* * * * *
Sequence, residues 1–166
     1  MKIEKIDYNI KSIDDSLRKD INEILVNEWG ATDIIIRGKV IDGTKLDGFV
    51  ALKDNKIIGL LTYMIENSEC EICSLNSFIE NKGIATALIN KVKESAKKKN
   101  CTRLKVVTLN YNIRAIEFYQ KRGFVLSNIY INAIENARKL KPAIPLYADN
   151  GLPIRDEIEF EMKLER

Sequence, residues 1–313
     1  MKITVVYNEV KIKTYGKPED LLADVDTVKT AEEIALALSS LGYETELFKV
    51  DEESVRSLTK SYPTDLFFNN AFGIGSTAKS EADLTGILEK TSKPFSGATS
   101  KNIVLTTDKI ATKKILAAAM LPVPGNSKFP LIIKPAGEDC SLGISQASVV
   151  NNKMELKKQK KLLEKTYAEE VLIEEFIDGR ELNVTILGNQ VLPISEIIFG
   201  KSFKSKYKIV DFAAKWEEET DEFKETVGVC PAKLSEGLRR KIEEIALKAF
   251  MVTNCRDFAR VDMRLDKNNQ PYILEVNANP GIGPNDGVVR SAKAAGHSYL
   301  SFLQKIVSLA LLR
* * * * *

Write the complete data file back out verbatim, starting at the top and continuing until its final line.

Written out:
Sequence, residues 1–166
     1  MKIEKIDYNI KSIDDSLRKD INEILVNEWG ATDIIIRGKV IDGTKLDGFV
    51  ALKDNKIIGL LTYMIENSEC EICSLNSFIE NKGIATALIN KVKESAKKKN
   101  CTRLKVVTLN YNIRAIEFYQ KRGFVLSNIY INAIENARKL KPAIPLYADN
   151  GLPIRDEIEF EMKLER

Sequence, residues 1–313
     1  MKITVVYNEV KIKTYGKPED LLADVDTVKT AEEIALALSS LGYETELFKV
    51  DEESVRSLTK SYPTDLFFNN AFGIGSTAKS EADLTGILEK TSKPFSGATS
   101  KNIVLTTDKI ATKKILAAAM LPVPGNSKFP LIIKPAGEDC SLGISQASVV
   151  NNKMELKKQK KLLEKTYAEE VLIEEFIDGR ELNVTILGNQ VLPISEIIFG
   201  KSFKSKYKIV DFAAKWEEET DEFKETVGVC PAKLSEGLRR KIEEIALKAF
   251  MVTNCRDFAR VDMRLDKNNQ PYILEVNANP GIGPNDGVVR SAKAAGHSYL
   301  SFLQKIVSLA LLR